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What Is the Process for Determining the Location of the Olympic Games?

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  • Originally Written By: Jan Maxwell
  • Revised By: A. Joseph
  • Edited By: Lucy Oppenheimer
  • Last Modified Date: 06 September 2014
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The selection of a city to host each Olympic Games is made by the International Olympic Committee (IOC). A host city typically is selected seven years before those particular games are scheduled to be held. This time buffer is intended to provide ample time for the chosen city to plan and prepare for the Olympics, which can be a daunting task given their enormity. The process for determining the location of the Olympic Games consists of two main phases, which involve cities applying for consideration and a smaller number of cities being selected as finalists, after which the winning city is chosen.

Phase 1: Applicant Cities

There are more than 200 National Olympic Committees (NOCs) representing countries, commonwealths, geographical areas, protectorates and territories. If a city wants to host the Olympics, a formal proposal must be made through its respective NOC. After the proposal has been received by the IOC, the city is placed on a list with other applicant cities.

Each applicant city receives a questionnaire from the IOC. The city's officials must respond in writing to a variety of topics, such as their motivation for hosting the Olympics and what venues they intend to use or build for each event. Each city also must list the kinds of accommodations that will be available and what types of transportation will be provided for athletes and spectators.

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Applications are reviewed by IOC members and other experts to determine each city’s potential to host the Olympics. After reading all of the questionnaires, the IOC selects a group of cities — usually about four or five — that will continue on in the process. These cities are known as candidate cities.

Phase 2: Candidate Cities

Officials from each of the candidate cities has to respond to a new questionnaire about their plans to host the Olympics. The new questionnaire is more than 250 pages long and covers such topics as media operations, marketing and the structure and workings of the athlete’s Olympic Village, which is where competitors stay during the Olympic Games. After all of the completed questionnaires have been received, an evaluation commission within the IOC reviews the detailed documents and visits each potential host city for several days.

The Selection

In the final part of the second phase, the IOC's evaluation commission prepares a report listing its recommendations. The report is made public one month before the final selection of a host city for the Olympics is made. A meeting of the IOC general assembly members is then held — in a place not on the list of candidate cities — to make the final selection.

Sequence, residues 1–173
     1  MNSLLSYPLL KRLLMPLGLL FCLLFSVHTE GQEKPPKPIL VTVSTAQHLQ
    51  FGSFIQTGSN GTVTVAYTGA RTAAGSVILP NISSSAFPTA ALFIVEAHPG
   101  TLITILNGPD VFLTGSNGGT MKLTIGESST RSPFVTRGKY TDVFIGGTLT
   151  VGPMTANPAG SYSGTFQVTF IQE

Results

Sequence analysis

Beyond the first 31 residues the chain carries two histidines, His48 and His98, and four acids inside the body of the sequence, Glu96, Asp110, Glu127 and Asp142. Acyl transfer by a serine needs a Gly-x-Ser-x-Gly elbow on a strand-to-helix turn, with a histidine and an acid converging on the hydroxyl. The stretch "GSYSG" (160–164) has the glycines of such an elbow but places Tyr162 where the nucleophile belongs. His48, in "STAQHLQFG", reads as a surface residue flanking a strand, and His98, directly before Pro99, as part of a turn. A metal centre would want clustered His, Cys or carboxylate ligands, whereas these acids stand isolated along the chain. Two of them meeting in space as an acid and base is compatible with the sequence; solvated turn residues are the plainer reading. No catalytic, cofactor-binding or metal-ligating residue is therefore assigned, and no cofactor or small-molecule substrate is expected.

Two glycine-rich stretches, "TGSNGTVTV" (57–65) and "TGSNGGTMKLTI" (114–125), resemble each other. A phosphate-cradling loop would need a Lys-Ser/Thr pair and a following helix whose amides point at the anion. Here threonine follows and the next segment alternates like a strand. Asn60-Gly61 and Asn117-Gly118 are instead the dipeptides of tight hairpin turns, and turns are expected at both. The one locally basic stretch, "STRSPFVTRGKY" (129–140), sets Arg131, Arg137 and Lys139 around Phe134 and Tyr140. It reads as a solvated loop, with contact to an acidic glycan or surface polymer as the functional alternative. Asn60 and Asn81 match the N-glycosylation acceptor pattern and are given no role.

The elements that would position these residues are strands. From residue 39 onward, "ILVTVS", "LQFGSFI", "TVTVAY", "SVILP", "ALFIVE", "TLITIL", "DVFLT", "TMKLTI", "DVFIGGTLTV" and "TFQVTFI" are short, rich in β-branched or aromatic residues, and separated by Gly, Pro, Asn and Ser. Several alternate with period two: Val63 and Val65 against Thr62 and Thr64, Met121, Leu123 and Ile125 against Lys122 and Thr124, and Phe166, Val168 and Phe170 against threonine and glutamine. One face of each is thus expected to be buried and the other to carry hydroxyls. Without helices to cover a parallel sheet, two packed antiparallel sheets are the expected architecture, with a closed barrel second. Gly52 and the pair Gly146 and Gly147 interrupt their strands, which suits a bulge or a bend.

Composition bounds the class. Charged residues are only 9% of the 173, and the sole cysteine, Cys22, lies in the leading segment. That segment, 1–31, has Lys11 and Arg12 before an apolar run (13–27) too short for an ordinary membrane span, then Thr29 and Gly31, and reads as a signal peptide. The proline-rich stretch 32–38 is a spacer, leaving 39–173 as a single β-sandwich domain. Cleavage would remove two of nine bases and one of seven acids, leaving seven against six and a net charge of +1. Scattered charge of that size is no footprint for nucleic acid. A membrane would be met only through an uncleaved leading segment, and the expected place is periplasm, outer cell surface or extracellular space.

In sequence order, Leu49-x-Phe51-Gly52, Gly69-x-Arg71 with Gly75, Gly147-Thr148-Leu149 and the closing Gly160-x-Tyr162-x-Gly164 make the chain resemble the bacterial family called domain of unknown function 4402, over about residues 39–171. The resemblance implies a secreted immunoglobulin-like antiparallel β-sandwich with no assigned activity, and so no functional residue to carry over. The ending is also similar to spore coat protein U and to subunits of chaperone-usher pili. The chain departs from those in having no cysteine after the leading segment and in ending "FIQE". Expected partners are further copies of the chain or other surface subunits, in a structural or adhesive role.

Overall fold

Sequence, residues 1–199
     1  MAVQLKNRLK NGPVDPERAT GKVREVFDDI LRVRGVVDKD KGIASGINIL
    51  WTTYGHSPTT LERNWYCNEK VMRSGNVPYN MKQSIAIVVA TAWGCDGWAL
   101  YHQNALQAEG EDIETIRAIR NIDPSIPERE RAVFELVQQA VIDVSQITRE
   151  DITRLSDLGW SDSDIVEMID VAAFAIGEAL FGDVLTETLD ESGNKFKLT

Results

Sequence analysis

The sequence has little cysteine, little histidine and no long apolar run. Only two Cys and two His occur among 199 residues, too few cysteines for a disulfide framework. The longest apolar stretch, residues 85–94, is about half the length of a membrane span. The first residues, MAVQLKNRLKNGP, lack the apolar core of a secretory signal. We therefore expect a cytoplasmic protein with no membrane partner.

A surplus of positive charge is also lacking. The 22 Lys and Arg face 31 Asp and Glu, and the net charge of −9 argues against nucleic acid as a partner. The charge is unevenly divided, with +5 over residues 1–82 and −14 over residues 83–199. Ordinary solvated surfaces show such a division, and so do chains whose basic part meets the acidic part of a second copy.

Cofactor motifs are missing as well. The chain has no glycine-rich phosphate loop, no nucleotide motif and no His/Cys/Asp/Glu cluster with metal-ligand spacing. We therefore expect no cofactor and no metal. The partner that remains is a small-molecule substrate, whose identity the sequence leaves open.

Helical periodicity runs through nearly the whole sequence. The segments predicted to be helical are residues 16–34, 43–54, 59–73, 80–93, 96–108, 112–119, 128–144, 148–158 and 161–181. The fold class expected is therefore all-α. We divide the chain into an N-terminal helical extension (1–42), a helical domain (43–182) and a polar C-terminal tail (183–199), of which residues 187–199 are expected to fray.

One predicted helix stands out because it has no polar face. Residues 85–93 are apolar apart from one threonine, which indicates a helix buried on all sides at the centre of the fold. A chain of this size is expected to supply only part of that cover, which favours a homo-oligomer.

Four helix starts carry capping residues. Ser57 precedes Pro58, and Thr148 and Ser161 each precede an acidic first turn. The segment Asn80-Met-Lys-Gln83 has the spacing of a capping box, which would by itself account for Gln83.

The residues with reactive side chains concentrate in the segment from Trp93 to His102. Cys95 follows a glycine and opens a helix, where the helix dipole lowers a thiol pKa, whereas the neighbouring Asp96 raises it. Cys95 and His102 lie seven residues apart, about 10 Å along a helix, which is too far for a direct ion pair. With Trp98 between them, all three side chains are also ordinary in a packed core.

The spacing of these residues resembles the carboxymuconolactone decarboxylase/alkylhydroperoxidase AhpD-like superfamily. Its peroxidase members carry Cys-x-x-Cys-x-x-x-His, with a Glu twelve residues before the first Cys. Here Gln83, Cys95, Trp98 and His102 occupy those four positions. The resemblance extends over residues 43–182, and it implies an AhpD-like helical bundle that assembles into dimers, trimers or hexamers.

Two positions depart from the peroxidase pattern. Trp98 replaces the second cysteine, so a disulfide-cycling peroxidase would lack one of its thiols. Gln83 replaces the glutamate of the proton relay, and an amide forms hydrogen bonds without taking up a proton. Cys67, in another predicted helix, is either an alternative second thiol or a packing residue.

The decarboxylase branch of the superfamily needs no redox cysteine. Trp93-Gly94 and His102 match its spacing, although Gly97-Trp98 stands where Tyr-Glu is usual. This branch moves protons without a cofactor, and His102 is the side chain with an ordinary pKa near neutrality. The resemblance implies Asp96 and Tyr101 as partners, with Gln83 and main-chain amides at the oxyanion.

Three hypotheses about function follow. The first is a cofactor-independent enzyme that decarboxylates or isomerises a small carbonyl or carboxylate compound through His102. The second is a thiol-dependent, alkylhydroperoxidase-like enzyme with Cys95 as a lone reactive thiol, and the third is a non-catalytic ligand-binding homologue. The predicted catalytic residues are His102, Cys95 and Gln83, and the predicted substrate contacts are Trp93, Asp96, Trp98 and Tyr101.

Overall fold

Each active member of the IOC gets one vote to choose the location of the Olympic Games. Members who reside in a country that has a city on the final list cannot participate in the voting process as long as that city is in contention.

A first round of secret votes is taken. If no city wins a majority of votes, the city that received the fewest votes is removed from the list of candidates, and the members vote again. The results of each vote are made public as soon as the votes are counted. Voting continues in this manner until a selection is made and announced.

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Ana1234
Post 4

@pastanaga - Frankly, it's well known that the Olympics hardly ever make money. Countries are generally considered to be lucky if they manage to break even.

And what's worse is that often afterwards the stadiums are left to rot because there is no other use for them. Which is particularly aggravating because they were often built on land that was forcibly taken from whoever was there before the country decided they needed to impress everyone.

There are a lot of good things about the Olympics, but the execution of the games often leaves a great deal to be desired and I'd certainly never want them to be hosted in my city.

pastanaga
Post 3

@KoiwiGal - Well, it must bring in a lot of money for the host city. I mean there would be thousands of people flooding in to watch the athletes and their city would be filmed and shown across the world as well. If it's a city that isn't particularly well known overseas that could lead to further revenue down the line as people become more familiar with it and are more likely to want to visit.

And it gives them a chance to build a lot of new facilities. If it is one particular city that would be hosting, they would appreciate that because otherwise the taxes of the country could be used elsewhere.

Plus, the international community really does care about prestige. The Olympics give you a chance to showcase the best things about your country. You might not get the best Olympics results, but it doesn't matter if you put on an amazing show.

KoiwiGal
Post 2

Honestly, I've never been able to understand why cities want to host the Olympic Games or the Winter Olympics. The host city always comes under so much criticism and they often seem to finish their work only just on time. And the whole place basically has to shut down for weeks to accommodate the athletes and spectators.

I mean, I can understand with a country like China who might feel like they have something to prove to the world. But I don't see why the majority of cities would want that kind of hassle.

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